If your team needs to increase its resilience, providing them with inspiration from unexpected sources can help members think about the roles they play and the important of teamwork and camaraderie.
Ask yourself, which groups in society are have the quietest voices and attract the least attention often suffering in silence behind closed doors? If you said it was the elderly or the disabled you wouldn’t be far off the mark. But what about the elderly who are disabled? Their voice is seldom heard.
Survival of the fittest
Working in the Klong Toey slums of Bangkok over the past 10 years as part of the charity Hands Across the Water I became increasingly aware of the silent suffering of those who are elderly and living with a debilitating disability. Some are dealing with a lifelong condition, for others it might have been an accident, disease or stroke that left them impaired. The impairment and advancing age means they can’t compete for jobs that exist. How then do they survive?
This story became very real for me when I met Mr and Mrs Bai in 2015. Mr Bai was a man who had the scars and body of someone who had worked a long hard life. He was in his late 70s and his strength was starting to diminish. His days were spent, as they had been for the past 10 years, caring for his wife who was paralysed from a stroke and needed to be fed through a nose tube 4 times a day. Their only income was from their physically disabled 40-year-old son who worked at night when it was available. He earned just over $10 a night.
Walking into their home for the first time, it was a sight that will stay with me forever, and I’d suggest that is a good thing. It serves as constant reminder of why I do what I do. The entire house was 7 metres by 6 metres. The timber boards that served as the walls had gaps that you could pass your hand through and the house‑as are all those in the slums‑are built on reclaimed land of the port authority of Bangkok. This is fine until it rains, which it does often, causing the water levels to rise and the homes to flood.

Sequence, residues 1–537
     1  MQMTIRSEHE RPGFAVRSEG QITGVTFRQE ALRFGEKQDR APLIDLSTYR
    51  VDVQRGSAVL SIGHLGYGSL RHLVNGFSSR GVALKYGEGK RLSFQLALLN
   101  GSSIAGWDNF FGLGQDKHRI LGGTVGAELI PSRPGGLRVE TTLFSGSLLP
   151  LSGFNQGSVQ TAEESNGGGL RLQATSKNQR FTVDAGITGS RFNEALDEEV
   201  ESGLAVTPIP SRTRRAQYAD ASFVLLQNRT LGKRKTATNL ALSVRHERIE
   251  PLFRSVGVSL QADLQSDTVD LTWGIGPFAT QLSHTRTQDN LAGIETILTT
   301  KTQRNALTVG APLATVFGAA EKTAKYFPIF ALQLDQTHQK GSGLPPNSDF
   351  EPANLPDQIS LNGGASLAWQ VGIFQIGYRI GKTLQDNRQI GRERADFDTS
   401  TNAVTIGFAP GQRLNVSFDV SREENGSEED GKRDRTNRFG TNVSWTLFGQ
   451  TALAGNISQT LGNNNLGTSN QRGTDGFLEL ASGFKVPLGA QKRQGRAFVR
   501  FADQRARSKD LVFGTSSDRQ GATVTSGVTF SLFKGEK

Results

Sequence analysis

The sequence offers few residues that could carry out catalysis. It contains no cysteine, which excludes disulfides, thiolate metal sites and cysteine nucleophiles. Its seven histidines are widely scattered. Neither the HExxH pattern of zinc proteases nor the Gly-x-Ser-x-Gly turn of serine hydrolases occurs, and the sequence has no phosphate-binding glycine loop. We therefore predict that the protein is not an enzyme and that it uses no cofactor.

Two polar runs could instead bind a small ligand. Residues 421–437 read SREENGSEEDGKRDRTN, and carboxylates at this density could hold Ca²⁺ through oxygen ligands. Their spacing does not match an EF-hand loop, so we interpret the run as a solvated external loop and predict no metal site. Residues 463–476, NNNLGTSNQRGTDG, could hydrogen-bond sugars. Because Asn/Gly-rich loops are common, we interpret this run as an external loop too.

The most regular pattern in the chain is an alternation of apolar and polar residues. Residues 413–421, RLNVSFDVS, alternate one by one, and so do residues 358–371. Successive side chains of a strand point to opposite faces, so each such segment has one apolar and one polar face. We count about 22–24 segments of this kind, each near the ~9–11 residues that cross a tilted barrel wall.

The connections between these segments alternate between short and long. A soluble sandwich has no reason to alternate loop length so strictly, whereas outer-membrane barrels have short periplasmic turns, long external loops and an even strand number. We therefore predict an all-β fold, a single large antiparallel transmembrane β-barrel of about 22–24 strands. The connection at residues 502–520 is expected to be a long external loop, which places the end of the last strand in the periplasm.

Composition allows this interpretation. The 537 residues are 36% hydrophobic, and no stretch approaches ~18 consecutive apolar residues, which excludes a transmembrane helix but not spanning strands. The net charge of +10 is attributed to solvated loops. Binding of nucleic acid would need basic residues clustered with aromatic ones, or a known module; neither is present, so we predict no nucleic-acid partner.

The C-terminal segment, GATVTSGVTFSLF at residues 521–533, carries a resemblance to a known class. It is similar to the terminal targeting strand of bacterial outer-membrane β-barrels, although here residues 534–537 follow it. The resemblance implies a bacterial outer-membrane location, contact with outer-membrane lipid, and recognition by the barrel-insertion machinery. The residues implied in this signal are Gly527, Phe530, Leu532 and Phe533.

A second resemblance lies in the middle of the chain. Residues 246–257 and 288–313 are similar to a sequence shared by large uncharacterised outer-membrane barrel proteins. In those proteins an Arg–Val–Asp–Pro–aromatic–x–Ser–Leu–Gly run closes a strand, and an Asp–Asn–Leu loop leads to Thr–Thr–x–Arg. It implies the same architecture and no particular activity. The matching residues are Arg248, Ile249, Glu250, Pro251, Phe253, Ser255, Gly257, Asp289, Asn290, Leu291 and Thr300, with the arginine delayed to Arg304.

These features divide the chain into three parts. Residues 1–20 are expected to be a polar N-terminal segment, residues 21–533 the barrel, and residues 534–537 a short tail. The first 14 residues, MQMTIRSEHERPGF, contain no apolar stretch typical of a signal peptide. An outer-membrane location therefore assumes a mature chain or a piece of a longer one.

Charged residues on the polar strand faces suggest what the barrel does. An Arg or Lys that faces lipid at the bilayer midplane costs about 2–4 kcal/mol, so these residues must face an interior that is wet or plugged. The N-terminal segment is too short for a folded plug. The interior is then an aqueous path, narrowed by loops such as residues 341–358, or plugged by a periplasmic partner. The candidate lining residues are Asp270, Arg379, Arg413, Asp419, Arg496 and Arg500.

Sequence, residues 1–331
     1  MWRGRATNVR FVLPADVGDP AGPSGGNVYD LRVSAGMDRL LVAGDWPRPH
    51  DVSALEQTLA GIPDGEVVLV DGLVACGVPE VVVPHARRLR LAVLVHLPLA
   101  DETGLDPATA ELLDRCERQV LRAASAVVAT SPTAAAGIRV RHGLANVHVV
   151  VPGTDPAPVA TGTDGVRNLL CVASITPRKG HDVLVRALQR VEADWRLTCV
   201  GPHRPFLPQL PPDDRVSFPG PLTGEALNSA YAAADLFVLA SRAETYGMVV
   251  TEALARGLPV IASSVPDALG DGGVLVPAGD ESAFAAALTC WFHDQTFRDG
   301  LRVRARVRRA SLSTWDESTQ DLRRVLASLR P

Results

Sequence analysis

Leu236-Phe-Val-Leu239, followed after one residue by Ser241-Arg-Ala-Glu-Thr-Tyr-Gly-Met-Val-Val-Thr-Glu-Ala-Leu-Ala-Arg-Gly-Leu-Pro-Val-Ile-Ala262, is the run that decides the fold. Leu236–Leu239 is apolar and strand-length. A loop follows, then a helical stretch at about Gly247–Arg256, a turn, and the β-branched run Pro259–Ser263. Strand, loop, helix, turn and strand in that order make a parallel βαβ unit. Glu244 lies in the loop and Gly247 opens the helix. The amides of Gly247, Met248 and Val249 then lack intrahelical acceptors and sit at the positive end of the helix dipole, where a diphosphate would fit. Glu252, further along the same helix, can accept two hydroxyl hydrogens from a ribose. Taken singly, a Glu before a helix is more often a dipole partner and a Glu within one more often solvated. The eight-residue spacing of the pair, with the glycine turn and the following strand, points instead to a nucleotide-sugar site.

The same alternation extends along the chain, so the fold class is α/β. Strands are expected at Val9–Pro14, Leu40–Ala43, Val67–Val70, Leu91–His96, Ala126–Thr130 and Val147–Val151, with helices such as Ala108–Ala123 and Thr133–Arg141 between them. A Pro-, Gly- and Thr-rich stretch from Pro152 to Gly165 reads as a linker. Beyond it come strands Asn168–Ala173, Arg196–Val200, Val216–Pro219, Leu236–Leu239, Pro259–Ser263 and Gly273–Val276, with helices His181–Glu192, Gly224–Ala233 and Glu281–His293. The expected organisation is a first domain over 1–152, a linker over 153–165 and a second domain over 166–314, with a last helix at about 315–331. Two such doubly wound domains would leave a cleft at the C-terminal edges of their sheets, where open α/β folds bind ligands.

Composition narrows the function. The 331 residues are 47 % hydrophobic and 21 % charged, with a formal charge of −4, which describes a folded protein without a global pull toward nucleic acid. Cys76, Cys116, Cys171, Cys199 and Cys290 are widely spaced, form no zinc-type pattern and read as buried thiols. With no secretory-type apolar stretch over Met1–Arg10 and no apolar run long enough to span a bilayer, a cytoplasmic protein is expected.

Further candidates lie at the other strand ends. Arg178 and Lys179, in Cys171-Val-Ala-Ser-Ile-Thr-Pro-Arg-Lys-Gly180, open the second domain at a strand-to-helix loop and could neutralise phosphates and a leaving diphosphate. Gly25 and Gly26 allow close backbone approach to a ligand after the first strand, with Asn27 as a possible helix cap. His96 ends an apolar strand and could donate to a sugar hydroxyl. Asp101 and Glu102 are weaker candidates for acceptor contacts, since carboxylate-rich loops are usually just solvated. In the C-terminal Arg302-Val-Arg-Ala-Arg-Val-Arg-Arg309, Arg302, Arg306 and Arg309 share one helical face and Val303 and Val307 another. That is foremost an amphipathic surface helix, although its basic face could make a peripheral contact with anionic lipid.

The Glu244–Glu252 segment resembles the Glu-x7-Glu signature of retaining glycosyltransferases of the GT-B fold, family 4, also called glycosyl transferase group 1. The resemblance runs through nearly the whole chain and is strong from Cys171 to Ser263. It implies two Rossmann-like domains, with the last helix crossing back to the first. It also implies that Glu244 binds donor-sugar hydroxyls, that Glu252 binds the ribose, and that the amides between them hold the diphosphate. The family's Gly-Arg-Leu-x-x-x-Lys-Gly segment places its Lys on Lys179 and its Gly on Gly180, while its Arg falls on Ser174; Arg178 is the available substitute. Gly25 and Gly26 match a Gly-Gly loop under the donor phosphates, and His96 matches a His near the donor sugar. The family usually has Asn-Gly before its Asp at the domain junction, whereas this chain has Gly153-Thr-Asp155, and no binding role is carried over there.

Make a change
When I led a team into the slums last year, we changed things for Mr and Mrs Bai. In a ridiculously short period of time we relocated the family into a temporary home, emptied the house of their possessions and demolish the home. All of this took a couple of hours and by lunch time the local builders that we’d contracted were sinking concrete posts into the ground to create the foundations for their new home. Forty-three days after meeting Mr Bai, he moved into a new home, which couldn’t have been more different than where he’d lived for the previous 30 years.
When I walk through the slums I’m reminded of the remarkable strength shown by those who live there and how bringing teams to help in the slum help to build team resilience. The stories I hear, the sights I see and the people I meet … they stay with me long after I leave the slums and long after I return to the comfort and affluence that many of us share living in Australia.
The teams that I take into the slums to support families like Mr Bai are not builders and we’re not confused by our abilities and ambitions. We fund the building of the new home and employ local builders who know the land and benefit from the employment community. What we from our time in the slums are lessons in life around resilience, tolerance, compassion and humility. Lessons that confront you there and then and others that bubble to the surface long after you’ve left.